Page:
A Chinese restaurant in Tasmania has been penalised $14,500 for ignoring a Compliance Notice.
The Notice required the restaurant owners to calculate underpayments and then back-pay five workers.
Chinese restaurant penalised for ignoring Compliance Notice
Galb Pty Ltd operates the Jade Will Chinese Restaurant at Ulverstone.
The Federal Circuit Court penalised the company $12,000, and its sole director Chao Liang an additional $2,500.
Fair Work inspectors commenced an investigation into the restaurant in 2018 as a result of receiving a complaint from an employee.
The inspectors believed Liang failed to pay the five waiters proper:
- minimum wage rates;
- weekend and also public holiday penalty rates;
- casual loadings;
- late night additional payments; and also
- minimum two-hour shift pay.
As a result, the waiters received flat rates of between $8 and $14 an hour.
Inspectors subsequently issued the Compliance Notice requiring Liang to calculate the underpayments and repay the workers in full.
However, he failed to do so.
Liang only paid back the workers after Fair Work commenced legal action.
Judge Grant Riethmuller noted that “a subsequent underpayment discovered in November 2019 suggests little has changed, despite the respondents saying that systems are now in place to ensure compliance”.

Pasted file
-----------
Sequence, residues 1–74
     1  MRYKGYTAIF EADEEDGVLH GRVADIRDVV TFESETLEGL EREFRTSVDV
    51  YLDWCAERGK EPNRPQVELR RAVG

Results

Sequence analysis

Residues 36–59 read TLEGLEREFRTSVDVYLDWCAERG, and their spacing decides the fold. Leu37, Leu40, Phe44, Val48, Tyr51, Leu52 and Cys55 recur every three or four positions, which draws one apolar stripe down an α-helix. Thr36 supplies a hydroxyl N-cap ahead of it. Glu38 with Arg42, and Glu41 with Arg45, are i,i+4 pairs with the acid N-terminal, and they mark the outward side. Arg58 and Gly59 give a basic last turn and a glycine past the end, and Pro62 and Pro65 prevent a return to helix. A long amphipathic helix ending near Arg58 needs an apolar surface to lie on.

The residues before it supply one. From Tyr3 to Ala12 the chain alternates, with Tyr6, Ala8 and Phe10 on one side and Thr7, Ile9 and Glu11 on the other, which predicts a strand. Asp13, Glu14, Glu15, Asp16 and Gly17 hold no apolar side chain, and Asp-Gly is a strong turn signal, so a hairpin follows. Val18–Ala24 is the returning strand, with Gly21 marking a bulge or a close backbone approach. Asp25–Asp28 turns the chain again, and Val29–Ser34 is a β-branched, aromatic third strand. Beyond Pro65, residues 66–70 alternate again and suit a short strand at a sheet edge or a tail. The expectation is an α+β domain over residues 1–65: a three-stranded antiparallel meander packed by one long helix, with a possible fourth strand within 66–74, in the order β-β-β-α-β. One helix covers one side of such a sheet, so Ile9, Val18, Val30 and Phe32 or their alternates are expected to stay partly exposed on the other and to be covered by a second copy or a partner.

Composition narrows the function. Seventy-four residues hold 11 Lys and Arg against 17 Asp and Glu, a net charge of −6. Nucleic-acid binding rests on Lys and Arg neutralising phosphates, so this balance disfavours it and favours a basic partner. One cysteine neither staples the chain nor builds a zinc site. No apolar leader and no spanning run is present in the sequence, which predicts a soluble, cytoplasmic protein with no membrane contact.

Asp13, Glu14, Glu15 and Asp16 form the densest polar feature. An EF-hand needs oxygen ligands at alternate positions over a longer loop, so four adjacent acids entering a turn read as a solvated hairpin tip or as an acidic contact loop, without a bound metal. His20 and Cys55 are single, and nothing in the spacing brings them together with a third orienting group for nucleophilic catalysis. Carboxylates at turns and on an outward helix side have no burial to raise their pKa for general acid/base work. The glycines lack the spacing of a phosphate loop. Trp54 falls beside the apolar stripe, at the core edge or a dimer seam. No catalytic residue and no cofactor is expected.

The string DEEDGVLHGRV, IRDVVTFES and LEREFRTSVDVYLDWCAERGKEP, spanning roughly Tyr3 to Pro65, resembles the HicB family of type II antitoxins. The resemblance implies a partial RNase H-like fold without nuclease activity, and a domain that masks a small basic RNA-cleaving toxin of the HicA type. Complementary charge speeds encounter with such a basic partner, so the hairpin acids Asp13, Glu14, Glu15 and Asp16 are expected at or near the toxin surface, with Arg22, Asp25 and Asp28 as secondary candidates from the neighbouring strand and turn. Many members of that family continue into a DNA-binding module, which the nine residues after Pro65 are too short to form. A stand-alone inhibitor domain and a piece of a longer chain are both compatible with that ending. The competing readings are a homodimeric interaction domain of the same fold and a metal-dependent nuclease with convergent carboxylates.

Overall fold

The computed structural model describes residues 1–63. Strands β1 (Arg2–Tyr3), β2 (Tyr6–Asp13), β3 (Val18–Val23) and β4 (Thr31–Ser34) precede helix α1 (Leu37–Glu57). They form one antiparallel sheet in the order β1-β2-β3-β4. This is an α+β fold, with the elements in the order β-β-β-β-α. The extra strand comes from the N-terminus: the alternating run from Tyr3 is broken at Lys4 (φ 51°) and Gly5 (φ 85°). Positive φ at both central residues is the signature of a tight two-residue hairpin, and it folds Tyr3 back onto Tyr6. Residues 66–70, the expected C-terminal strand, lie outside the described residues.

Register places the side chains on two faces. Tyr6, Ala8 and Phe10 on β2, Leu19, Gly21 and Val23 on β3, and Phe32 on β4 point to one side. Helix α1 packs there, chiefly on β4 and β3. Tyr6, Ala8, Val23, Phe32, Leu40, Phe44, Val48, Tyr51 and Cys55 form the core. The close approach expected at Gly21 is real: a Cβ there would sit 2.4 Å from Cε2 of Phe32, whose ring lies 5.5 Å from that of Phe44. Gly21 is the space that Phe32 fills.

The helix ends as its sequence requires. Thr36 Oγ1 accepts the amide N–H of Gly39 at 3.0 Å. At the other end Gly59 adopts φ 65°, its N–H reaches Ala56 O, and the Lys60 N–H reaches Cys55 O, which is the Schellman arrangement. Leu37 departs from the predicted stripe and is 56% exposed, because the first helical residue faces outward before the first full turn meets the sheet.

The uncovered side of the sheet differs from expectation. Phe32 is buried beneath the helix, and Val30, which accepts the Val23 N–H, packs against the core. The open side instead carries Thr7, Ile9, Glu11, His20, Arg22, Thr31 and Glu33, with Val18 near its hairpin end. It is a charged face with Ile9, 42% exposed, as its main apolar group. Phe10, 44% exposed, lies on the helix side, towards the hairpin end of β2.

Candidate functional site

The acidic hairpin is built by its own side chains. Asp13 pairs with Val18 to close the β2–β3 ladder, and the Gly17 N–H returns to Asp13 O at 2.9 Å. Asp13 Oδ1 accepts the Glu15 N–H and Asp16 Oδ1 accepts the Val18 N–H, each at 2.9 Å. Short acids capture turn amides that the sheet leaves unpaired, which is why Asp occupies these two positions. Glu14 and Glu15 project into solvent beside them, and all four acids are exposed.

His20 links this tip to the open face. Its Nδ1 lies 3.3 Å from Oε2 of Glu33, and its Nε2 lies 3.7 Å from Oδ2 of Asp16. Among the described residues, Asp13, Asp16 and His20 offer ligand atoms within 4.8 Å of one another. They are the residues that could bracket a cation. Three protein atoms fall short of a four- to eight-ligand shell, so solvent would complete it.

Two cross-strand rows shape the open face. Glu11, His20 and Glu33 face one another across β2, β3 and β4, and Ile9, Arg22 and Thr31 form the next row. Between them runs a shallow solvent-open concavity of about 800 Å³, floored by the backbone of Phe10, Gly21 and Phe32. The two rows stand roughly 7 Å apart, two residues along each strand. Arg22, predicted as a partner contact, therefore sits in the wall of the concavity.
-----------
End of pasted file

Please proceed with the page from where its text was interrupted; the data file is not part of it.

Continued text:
Judge Riethmuller also said it is “unfortunate” that it takes legal action to rectify wage theft.
Furthermore, he said there is a need to deter others from similar conduct.
“It is important that Compliance Notices are taken seriously by employers and not ignored.”
“FAIR WORK CONTINUES COMPLIANCE NOTICE CRACKDOWN”
Ignoring Compliance Notices ‘not an option’
Industrial advocate Miles Heffernan from Fair Work Claims says ignoring Compliance Notices is not an option.
“Compliance Notices are a chance to rectify an underpayment without copping a financial penalty,” he said.
“Ignoring them won’t make them go away – it will only result in employers having to back-pay their workers, in addition to paying a penalty.”
Fair Work Ombudsman Sandra Parker said her agency will not hesitate to take legal action against recalcitrant employers.
“We make every effort to secure voluntary compliance with Compliance Notices but where they are not followed, we are prepared to take legal action to ensure workers receive their lawful entitlements.”